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Mohammad Alam, brother of murdered Shakila, holds a newspaper showing her picture in Kabul, yesterday.
Bamiyan: Shakila was murdered, shot in the back 13 months ago in the house where she worked as a maid for a wealthy local leader in one of the most progressive provinces of Afghanistan.
Her murderer has never been arrested, and her family’s search for justice has laid bare the complex web of grinding poverty, attitudes towards women and a culture of immunity that plagues much of the country’s legal system.
As International Women’s Day was marked yesterday, campaigners say that progress in Afghanistan is slow even after billions of dollars of Western aid and some advances since the 2001 fall of the hardline Taliban regime.
The departure of the Nato coalition next year has also raised fears that the limited improvements for women could be erased as conservative groups vie to seize power in Kabul.
Shakila, whose was about 16, spent the last six months of her life working for a member of the provincial council in Bamiyan, the quiet Afghan town 180km (110 miles) west of Kabul.
Her family was poor and needed the money from her job, but her body was found in her employer’s home in January 2012.
“Investigators told us that she had been shot in the back,” her 18-year-old brother, Mohammad Alam Sadiqat, said. “And doctors said that she had been raped.”
In a country where an unmarried women’s virginity is sacrosanct, the shame of having a daughter raped adds to the family’s burden, but they dare not make an official accusation of sexual abuse.
Most Afghan female rape victims never publicly name their attacker, out of fear of being ostracised or even killed, campaigners say.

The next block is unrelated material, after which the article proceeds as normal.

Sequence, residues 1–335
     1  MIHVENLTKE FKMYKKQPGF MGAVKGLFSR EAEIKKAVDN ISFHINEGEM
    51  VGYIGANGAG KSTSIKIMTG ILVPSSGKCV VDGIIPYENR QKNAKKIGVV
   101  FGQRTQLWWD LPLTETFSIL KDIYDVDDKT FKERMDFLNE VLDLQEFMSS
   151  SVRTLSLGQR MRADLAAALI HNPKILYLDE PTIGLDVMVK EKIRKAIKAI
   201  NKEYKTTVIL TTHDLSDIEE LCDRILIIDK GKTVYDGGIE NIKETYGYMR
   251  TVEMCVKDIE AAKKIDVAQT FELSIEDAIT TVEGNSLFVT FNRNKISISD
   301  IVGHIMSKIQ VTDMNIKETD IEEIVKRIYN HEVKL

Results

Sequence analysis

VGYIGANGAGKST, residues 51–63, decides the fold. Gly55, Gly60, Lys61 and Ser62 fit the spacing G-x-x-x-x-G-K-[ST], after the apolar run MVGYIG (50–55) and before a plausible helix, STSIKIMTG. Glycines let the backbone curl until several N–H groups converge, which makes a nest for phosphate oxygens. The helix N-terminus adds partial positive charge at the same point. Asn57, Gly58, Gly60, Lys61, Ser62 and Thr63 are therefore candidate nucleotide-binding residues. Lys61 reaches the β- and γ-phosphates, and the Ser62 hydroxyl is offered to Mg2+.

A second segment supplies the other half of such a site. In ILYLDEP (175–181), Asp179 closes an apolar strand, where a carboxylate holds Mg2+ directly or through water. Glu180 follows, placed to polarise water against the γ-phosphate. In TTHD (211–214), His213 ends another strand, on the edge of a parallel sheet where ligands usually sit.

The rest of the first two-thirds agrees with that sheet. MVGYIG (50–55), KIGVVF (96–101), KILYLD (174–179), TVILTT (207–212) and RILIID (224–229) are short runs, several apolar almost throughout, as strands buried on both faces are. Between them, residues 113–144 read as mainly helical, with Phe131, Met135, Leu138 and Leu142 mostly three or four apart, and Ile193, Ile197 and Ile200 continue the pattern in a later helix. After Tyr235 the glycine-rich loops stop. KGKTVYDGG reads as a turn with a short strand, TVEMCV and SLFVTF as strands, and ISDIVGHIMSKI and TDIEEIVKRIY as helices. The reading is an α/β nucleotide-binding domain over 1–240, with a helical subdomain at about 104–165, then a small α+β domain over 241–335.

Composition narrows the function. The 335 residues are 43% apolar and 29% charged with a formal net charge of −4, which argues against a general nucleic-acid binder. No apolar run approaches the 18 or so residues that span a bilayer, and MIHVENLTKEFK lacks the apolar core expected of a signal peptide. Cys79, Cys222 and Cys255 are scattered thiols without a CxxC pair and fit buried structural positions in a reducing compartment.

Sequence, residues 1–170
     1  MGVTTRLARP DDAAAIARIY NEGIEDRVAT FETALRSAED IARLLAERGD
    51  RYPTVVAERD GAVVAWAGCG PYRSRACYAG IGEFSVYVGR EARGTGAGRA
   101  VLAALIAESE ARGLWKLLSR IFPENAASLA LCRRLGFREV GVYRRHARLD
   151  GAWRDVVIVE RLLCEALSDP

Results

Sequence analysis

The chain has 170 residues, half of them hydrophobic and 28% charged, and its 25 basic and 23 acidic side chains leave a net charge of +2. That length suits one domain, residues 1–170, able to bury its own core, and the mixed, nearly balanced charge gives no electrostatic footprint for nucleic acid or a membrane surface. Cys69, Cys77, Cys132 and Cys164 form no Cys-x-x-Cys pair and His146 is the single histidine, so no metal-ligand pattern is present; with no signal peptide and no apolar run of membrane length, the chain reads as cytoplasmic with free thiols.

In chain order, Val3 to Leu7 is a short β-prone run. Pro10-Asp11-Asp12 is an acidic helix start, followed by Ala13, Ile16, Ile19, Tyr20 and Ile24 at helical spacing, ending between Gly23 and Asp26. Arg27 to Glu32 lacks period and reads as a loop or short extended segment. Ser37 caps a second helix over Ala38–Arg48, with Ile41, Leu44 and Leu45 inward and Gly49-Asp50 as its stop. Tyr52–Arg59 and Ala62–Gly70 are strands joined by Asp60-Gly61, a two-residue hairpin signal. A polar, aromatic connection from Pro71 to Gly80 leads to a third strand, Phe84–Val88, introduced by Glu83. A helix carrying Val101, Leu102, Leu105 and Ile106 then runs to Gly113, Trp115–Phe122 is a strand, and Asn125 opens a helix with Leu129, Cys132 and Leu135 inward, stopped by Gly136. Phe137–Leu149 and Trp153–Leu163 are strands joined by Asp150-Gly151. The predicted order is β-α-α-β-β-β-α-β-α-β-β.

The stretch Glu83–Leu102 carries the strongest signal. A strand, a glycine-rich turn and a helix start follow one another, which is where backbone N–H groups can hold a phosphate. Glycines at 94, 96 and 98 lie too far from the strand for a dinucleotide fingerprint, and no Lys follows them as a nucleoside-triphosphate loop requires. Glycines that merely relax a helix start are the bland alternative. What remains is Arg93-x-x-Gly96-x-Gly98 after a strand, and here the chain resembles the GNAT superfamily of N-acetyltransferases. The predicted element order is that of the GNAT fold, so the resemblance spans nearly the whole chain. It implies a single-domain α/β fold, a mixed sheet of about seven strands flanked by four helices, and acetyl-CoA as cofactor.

Shakila’s brother-in-law, who works as a guard in the same house, was imprisoned for six months in connection with her murder, then released.
Esmail Zaki, the coordinator of a local charity, then started to investigate.
“We found out that the attorney general and the judicial system had gone in the wrong direction. They had evidence that the guy (the brother-in-law) was not even there when it happened,” Zaki said.
Shakila’s murder was never brought to court in Bamiyan. It has since been referred to the attorney general’s office in Kabul, which could not be reached. The family owners of the home have denied having anything to do with murder, and the Bamiyan police have washed their hands of responsibility.
“We did all the research we had to do. We finished that case and then handed it to the court,” said Deputy Provincial Police Chief Mohammad Ali Lagzi.
One senior official in the local administration said on condition of anonymity that the family’s poverty meant the odds of getting justice were stacked against them.
“Her case has been taken to the AG’s office in Kabul but it seems not much has been done to give her justice,” he said.
“The murder happened in the home of a member of the provincial council,” he added. “They are powerful people.”
Last December, the United Nations said Afghanistan had made progress in protecting women against violence and welcomed an increase in reported cases. But in 16 of 34 provinces where the UN was able to gather details, just 21 percent of 470 reports of violence against women resulted in convictions.
But in 16 of 34 provinces where the UN was able to gather details, just 21 percent of 470 reports of violence against women resulted in convictions.